This evening in Pilcopata, we were wandering around the main (and only) street of town, when we saw an ambulancia parked in the middle of the road, lights blazing and loudspeakers blaring. The driver was saying through the loudspeaker that they were offering Yellow fever vaccinations to the locals, on-the-spot, and 100% free of charge. As Pilcopata is on the edge of the Peruvian jungle, I guess it is technically a Yellow fever endemic area. Great to see that they're making a real effort to try and curb the prevalence of this illness, and to protect the locals from contracting it.
One of the seasoned staff at Mayuc, Santiago is the instructor on my 6-person raft, for my three days on the Río Apurímac. He's a very cheerful guy, always cracking jokes and telling freaky stories. He's also a strict instructor, and (in our opinion) probably the best guide on the trip. We feel safe and lucky to have him. He also speaks excellent English, as well as a few token words of Hebrew (inevitable, given the number of Israelis around!).
Carlos Joel Delgado Pizarro is a young guy studying computer science at university, here in Cusco. Carlos was told about me (and vice versa) by — who else — the king of Linux and of Linux-folk here in Peru: my friend Antonio Ognio (from Lima). I met with Carlos today at my host family's house, and we had a good old chat about Linux, open-source, programming, the state of IT and of open-source in Peru, and even Drupal (a bit). Plus, I managed to talk with him in Spanish the whole time! Not bad, especially considering that I really wasn't feeling too good today (more food poisoning). Great guy, and a many with many questions.
Jorge is the director of Hampy, an organisation (that I got introduced to today) that helps disadvantaged kids in the village of Chocco, near Cusco. Jorge's been working in Lima for the past few years, with the US government's Peace Corps; but now he's back with Hampy. He's a friendly and very passionate guy, and I'm glad that I'll be able to help him out a bit, over the next few weeks.
In Western countries, we're accustomed to Internet cafés being overpriced, limited to the city centre (and other commercial hubs), and really only used by tourists. This is because the majority of people that need it in these countries, have it installed in their homes, so there's simply no demand from the locals. But here in Peru, very few people can afford a PC or an Internet connection at home; and so cabinas (Internet cafés) have become a way of life here. They aren't around because of the tourists: they're around for everyone.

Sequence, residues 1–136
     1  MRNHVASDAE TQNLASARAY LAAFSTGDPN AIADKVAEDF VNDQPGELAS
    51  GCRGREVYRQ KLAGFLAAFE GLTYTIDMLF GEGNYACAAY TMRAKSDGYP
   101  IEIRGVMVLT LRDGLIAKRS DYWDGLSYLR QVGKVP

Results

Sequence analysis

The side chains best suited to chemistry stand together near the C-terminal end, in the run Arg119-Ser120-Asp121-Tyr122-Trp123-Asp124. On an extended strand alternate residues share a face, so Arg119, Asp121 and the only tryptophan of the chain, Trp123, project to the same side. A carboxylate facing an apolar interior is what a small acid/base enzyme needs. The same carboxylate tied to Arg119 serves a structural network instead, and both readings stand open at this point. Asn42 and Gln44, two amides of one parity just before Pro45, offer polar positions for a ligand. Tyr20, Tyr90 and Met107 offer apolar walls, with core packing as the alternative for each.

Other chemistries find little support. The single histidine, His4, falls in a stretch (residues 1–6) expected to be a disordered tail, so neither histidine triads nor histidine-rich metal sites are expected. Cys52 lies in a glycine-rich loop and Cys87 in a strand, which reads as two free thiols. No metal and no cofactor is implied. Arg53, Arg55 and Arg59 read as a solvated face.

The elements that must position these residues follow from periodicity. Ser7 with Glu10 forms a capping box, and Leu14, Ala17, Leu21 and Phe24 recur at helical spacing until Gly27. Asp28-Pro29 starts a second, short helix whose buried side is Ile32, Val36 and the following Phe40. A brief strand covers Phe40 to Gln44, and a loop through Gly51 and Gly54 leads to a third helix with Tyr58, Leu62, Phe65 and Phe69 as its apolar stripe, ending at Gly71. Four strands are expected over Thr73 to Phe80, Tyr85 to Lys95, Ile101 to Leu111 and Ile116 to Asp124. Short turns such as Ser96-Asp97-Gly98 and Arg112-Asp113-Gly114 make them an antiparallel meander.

Jesus is the founder and the director of Amigos, and he's a very complicated guy. He has enormous talent, diligence, and ambition; yet he has many fears, doubts, and dilemnas to contend with. He genuinely wants to help and to serve the kids that he works with; yet he also indulges in the luxuries of high-class Cusco that most locals cannot enjoy. And he's technically the boss, above and in charge of everyone around him; yet the people around him are his best friends, closer than his family, and he hangs out with them and parties with them, and he treats and respects all as his equals.
Juan Carlos is a young guy who really has a right to be proud of himself. He's the "director of activities" — basically the second-in-command — at Amigos. He was one of the first kids who went through the community English-learning program, which the school runs for disadvantaged kids in the local area. Now, he's a fluent English-speaker, he's an important part of the school's administration, and he's a great guy and a friend to everyone around him.
Straight after finishing my first classes at Amigos today, I got picked up by Flora and Mario Polar Covarrubias, the mother and father of the family that I'm staying with, for the duration of my four weeks of study. It seems that, as with the school, I've hit the jackpot with a great host family. They're very warm people; they live in a nice, safe area in Cusco; they only speak Spanish; and judging by today, I'd say they're going to be feeding me very well indeed.
After getting lost yesterday, Jack and I woke up this morning in Juan's house, feeling very grateful to have found a bed to sleep in, but also very eager to get back to Cusco. And, thankfully, after a bit of breakfast and a morning walk, make it back we did. Civilisation never smelt so good.
Yes, it was very stupid. Yes, we really were completely lost. Yes, we were lucky it didn't turn out very bad. Yes, it was fun and it was a good experience. And no, actually, we don't regret doing it one little bit.
Today, Jack and myself decided to explore some of the ruins north of Cusco. We made it (on the bus) to the first one; but we never reached any of the others. Instead, we became two Aussie bogans, lost in the mountains; and we had a grand adventure — one that we hadn't planned or anticipated at all.